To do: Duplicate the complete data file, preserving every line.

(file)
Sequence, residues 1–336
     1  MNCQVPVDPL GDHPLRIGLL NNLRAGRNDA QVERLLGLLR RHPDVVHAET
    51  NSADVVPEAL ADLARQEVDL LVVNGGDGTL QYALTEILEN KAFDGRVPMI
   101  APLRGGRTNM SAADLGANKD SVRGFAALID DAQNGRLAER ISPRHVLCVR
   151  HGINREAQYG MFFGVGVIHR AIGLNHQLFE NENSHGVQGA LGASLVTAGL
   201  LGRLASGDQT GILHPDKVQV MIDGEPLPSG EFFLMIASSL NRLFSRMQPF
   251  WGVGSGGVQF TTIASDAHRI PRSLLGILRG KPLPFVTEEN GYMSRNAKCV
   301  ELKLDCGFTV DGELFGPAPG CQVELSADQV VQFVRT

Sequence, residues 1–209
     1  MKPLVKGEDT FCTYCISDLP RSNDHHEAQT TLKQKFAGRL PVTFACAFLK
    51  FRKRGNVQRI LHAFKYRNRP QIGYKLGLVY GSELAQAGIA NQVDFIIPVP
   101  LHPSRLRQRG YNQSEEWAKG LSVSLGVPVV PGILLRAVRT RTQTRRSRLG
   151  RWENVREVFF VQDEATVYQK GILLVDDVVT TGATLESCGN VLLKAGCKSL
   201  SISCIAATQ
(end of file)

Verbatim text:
Sequence, residues 1–336
     1  MNCQVPVDPL GDHPLRIGLL NNLRAGRNDA QVERLLGLLR RHPDVVHAET
    51  NSADVVPEAL ADLARQEVDL LVVNGGDGTL QYALTEILEN KAFDGRVPMI
   101  APLRGGRTNM SAADLGANKD SVRGFAALID DAQNGRLAER ISPRHVLCVR
   151  HGINREAQYG MFFGVGVIHR AIGLNHQLFE NENSHGVQGA LGASLVTAGL
   201  LGRLASGDQT GILHPDKVQV MIDGEPLPSG EFFLMIASSL NRLFSRMQPF
   251  WGVGSGGVQF TTIASDAHRI PRSLLGILRG KPLPFVTEEN GYMSRNAKCV
   301  ELKLDCGFTV DGELFGPAPG CQVELSADQV VQFVRT

Sequence, residues 1–209
     1  MKPLVKGEDT FCTYCISDLP RSNDHHEAQT TLKQKFAGRL PVTFACAFLK
    51  FRKRGNVQRI LHAFKYRNRP QIGYKLGLVY GSELAQAGIA NQVDFIIPVP
   101  LHPSRLRQRG YNQSEEWAKG LSVSLGVPVV PGILLRAVRT RTQTRRSRLG
   151  RWENVREVFF VQDEATVYQK GILLVDDVVT TGATLESCGN VLLKAGCKSL
   201  SISCIAATQ